“What’s 25 million, 30 million units? That sucks.”
The cartoonish Art Style of Borderlands put a limit on the potential size of the franchise’s audience, according to Gearbox Software CEO Randy Pitchford.
On the latest episode of our monthly interview show IGN Unfiltered, Pitchford discussed Gearbox’s decision to ditch their original plan to use a realistic art Style in favor of a more cartoonish one, which was ultimately a better fit for Borderlands. While he believes it was the right move, the cap the non-realistic aesthetic put on the series’ success is “one of the most frustrating things” for him about the franchise.
Pitchford said he knew that when he decided to go with the cartoon art style it would “fix the dissonance” between the visuals and the gameplay, but it would also put a limit on Borderlands’s potential audience. “I knew it was putting a ceiling on us because there’s—especially back then—there’s just a huge percentage of the gaming audience that does not want a cartoon,” he explained.
Despite its art style, Borderlands has proven to be quite a successful franchise for Gearbox. Borderlands 2 shipped 5 million copies in its opening months and went on to pass the 12 million mark by March of 2015. Still, Pitchford believes the series’ aesthetic is a limiting factor. “The ceiling’s still there, we’re just pushing it,” he explained.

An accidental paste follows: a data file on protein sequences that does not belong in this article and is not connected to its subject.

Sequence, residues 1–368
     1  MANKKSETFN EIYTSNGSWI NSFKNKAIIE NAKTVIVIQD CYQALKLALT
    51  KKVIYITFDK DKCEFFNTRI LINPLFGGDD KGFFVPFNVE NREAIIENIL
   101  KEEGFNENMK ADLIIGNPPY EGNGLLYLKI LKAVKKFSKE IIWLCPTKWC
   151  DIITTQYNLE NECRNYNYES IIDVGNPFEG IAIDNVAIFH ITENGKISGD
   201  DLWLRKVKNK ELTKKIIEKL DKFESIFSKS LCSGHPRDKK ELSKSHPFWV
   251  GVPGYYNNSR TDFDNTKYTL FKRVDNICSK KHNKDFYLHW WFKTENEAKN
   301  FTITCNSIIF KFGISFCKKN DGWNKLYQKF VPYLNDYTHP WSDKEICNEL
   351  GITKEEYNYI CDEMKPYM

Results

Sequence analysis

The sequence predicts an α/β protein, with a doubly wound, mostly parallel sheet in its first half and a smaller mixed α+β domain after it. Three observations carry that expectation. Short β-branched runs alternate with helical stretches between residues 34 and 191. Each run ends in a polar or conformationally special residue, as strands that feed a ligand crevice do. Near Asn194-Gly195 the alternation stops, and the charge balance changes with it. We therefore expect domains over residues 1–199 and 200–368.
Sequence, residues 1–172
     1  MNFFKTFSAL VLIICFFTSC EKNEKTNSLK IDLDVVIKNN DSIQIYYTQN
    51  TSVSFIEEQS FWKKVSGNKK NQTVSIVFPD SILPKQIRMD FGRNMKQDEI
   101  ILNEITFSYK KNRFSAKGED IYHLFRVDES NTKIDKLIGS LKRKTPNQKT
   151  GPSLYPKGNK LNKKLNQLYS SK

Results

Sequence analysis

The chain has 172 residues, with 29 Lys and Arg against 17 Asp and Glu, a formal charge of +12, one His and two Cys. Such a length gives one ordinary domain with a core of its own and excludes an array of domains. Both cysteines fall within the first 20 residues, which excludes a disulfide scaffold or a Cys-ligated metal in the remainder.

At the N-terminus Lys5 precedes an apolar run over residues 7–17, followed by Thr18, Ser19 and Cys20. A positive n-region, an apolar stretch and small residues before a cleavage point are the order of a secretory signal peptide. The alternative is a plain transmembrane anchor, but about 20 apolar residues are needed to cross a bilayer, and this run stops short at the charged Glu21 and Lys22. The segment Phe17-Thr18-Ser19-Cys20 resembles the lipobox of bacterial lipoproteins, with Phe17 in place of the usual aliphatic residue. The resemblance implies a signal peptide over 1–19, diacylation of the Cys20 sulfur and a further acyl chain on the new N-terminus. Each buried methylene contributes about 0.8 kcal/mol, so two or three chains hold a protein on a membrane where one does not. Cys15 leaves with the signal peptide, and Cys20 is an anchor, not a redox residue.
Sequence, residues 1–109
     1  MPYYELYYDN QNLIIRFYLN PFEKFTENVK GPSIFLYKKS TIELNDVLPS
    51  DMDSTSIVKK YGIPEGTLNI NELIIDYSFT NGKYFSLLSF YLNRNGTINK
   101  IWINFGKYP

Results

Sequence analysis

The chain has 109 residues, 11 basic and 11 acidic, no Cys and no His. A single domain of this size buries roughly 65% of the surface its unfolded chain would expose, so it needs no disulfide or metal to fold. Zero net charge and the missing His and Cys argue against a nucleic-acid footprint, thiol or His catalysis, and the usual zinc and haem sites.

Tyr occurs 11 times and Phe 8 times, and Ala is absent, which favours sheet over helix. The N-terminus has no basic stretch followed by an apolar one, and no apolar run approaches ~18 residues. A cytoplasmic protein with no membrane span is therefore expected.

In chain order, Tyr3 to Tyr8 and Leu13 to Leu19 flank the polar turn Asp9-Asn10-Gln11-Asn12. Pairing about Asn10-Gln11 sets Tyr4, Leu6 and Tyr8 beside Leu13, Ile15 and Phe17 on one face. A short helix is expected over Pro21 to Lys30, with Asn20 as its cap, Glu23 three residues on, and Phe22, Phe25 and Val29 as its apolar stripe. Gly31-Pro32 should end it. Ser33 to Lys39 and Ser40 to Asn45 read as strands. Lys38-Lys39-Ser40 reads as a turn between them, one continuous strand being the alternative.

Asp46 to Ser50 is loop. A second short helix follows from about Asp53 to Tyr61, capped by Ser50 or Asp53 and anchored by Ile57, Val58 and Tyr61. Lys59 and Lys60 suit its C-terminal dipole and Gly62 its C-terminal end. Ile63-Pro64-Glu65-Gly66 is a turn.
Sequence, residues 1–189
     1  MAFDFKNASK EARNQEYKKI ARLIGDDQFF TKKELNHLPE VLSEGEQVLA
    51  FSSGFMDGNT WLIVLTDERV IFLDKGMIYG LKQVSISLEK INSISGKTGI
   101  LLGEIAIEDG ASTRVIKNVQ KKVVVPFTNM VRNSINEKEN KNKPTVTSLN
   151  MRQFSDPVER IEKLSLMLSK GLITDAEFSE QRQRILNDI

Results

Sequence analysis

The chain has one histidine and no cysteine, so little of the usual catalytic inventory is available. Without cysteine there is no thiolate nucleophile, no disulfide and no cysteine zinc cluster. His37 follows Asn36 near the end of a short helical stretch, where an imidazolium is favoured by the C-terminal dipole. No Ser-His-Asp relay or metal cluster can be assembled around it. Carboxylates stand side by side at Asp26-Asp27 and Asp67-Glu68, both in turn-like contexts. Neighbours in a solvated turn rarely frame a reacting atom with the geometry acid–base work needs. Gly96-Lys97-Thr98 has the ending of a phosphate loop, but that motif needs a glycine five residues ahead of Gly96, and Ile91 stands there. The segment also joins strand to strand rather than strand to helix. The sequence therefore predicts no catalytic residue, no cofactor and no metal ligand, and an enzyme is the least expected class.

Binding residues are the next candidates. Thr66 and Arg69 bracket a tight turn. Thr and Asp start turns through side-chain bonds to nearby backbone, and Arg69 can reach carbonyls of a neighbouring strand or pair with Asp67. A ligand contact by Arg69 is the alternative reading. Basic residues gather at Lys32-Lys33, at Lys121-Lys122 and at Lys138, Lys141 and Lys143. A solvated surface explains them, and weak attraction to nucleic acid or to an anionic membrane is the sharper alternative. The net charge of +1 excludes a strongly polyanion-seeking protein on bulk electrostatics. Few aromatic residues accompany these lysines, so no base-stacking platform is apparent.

While he’s “not sad” about Borderlands 2‘s sales, Pitchford noted that there’s still a whole lot of people in the world who didn’t buy it. “Our mission is to entertain the world, so we are dismal failures. Borderlands is a horrific failure if our goal is to entertain the world,” he explained. “There’s seven billion people in the world. What’s 25 million, 30 million units? That sucks,” Pitchford added, laughing.
For more on the Borderlands franchise, as well as Pitchford’s thoughts about Duke Nukem Forever and his experience working with Bungie on Halo for PC, check out part one of our full IGN Unfiltered interview with the Gearbox Software co-founder.
Alex Osborn is a freelance writer for IGN. Find him on Twitter at @alexcosborn.